Broadening the view of morality, and a study of moral development
The aim of this chapter is to describe how the conceptualisation of what is moral has broadened from Kohlberg’s (1984) and Gilligan’s (1982) views, presented in Chapter 5, and how that has influenced the study of moral development.
Simply put, moral beliefs are socially shared beliefs about what bad/wrong or good/ right is and what one thinks should or should not be done according to a code of conduct put forward in a smaller or larger group (Gert, 2015). Furthermore, it is stated that moral beliefs differ from attitudes and nonns, for example, so that they appear to be perceived as more objective and universally true and are treated as morally motivating and obligatory (Skitka, 2010; Turiel, 1983). It is worth noting that it is common to differentiate between ethics and morals, and ethics is often referred to as a philosophical study of morality. However, in moral psychology, the concepts of “ethics” and “morals” tend to be used interchangeably and fairly freely, and typically both of them are used to refer to everyday views of right and wrong (e.g., Rest & Narvaez, 1994).
Furthermore, moral psychology has a long tradition of defining morality and moral issues by drawing on philosophy (e.g., Blasi, 1990; Lapsley & Narvaez, 2005). Such research that would have been truly open to respondents’ personal views and definitions of morality has been missing. Typically, a researcher selects the issues that she or he considers to be moral questions, and then research participants respond by choosing from preselected options, as on questionnaires (Makiniemi, 2016). However, there is disagreement among researchers about what should belong to the moral domain (e.g., Kugler, Jost, & Noorbaloochi, 2014; Suhler & Churchland, 2011). For example, it has been suggested that work-related values, which are not explicitly included in any moral psychology approach, should be defined as moral values (Myyry & Helkama, 2001). It has also been noted that if the definition of morality is too restricted, relevant lay views of morality may be excluded (Blasi, 1990; Vainio, 2005). Therefore, we assume that theories and methods should be broad or open and able to capture possible novel themes and lay definitions associated with the moral domain (cf. Makiniemi, 2016; Makiniemi, Pirttilâ-Backman, & Pieri, 2011, 2013).
Nonetheless, views about the principles that are considered moral ones have broadened in recent decades. In the 1980s, Gilligan’s (1982) approach broadened and complemented Kohlberg’s (1984) approach of justice-based moral reasoning by focusing on the development of care-based moral reasoning. Evidently, the above-mentioned important debate within moral psychology regarding what belongs to the moral domain has broadened the view of the criteria that characterise morality. Furthermore, a step towards the triadic view of morality was taken in the 1990s with the introduction of the big three of morality: autonomy, community, and divinity (Shweder, Much, Mahapatra, & Park, 1997), and ultimately, the fivefold view of the moral domain was presented in the 2000s by Jonathan Haidt and his colleagues (e.g., Graham, Haidt, & Nosek, 2009). The need to broaden the scope of morality mainly stemmed from cross-cultural and anthropological findings indicating that justice and harm-based morality are not the most relevant aspects of morality outside of Western countries, and therefore, create too narrow a frame of reference for comparative studies (e.g., Haidt & Kesebir, 2010).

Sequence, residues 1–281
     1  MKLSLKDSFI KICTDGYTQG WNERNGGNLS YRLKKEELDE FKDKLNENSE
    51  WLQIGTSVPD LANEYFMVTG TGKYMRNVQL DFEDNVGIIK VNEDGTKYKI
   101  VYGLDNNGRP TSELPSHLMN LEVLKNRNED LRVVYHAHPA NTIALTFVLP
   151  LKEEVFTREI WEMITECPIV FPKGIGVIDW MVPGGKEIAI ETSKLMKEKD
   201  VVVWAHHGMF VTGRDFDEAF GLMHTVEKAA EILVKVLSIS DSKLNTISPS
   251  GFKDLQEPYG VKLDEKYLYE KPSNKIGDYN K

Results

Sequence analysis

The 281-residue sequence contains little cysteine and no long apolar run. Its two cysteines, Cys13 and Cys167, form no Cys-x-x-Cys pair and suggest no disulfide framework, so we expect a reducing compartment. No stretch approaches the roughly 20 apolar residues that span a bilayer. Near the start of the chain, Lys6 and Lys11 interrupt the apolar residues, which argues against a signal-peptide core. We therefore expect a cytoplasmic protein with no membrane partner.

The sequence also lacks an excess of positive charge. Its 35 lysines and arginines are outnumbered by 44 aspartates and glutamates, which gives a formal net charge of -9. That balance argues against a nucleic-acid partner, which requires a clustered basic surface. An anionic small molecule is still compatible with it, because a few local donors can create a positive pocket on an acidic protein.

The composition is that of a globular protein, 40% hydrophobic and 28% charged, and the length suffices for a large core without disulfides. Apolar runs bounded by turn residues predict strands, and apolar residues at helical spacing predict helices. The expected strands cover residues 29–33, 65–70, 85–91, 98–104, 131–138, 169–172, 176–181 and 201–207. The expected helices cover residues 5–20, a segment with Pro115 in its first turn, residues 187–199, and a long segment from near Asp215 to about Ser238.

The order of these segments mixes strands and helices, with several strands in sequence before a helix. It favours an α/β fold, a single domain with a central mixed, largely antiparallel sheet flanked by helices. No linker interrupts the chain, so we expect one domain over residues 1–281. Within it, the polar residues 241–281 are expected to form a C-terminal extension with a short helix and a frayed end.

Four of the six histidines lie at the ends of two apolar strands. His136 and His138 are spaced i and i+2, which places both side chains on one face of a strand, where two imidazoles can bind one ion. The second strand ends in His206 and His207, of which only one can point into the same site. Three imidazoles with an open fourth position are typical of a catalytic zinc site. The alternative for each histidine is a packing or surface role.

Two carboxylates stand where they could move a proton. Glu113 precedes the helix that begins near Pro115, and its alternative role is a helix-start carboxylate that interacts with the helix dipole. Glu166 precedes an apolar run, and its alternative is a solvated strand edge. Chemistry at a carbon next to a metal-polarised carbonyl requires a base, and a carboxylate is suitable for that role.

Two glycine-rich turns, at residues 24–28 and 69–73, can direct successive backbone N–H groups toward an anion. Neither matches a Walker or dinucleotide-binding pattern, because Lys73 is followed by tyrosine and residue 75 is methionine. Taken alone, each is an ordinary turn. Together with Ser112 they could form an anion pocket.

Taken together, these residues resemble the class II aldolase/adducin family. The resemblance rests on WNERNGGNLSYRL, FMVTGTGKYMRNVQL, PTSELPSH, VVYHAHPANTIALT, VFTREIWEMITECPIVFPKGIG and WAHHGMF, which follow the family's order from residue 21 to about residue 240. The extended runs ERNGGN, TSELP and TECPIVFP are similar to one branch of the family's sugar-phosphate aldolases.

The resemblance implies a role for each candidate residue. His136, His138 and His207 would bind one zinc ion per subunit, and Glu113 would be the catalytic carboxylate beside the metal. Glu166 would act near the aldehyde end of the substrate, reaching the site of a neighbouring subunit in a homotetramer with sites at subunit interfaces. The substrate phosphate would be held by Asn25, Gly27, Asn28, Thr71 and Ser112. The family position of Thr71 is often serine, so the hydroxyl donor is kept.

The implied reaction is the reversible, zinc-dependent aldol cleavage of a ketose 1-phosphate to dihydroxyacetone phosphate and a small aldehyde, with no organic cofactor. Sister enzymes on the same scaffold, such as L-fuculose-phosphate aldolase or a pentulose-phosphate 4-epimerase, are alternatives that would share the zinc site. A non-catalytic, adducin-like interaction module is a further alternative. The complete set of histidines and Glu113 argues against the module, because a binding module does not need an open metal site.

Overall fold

Approaches to studying moral issues can be placed along a continuum from moral universalism to moral relativism. Cognitive-developmental approaches (e.g. Kohlberg, see Chapter 5) emphasise the elements that are common across different cultures and social groups and characterise morality as a domain that is perceived as universal and generalisable (e.g., Turiel, 1983). However, in practice, it has been shown that the issues viewed as belonging to the moral domain in one culture or subculture may be perceived as belonging to the personal or social domain in another, supporting the notion of some kind of moral relativism coexisting with the universal aspects of moral reasoning (e.g., Shweder, Mahapatra, & Miller, 1987; Sverdlik, Roccas, & Sagiv, 2012). Within the cognitive-developmental approaches, the universally shared structure of moral reasoning is understood to be distinct from the content, which may vary culturally (e.g., Kohlberg, 1969, 1971; Piaget, 1932), whereas cultural psychological approaches do not make a clear distinction between the structure and content. For example, Richard Shweder and colleagues (1987) suggested that, culturally, there are both universal and variable aspects in what is regarded as structure in the cognitive-developmental approach. In order to capture this variation across different approaches, we use the broad definition proposed by Lind (1992), where structure refers to the relationship of elements of moral reasoning, and content refers to the elements themselves, such as values that people use for justifying their moral views or behaviours and the issues that are discussed.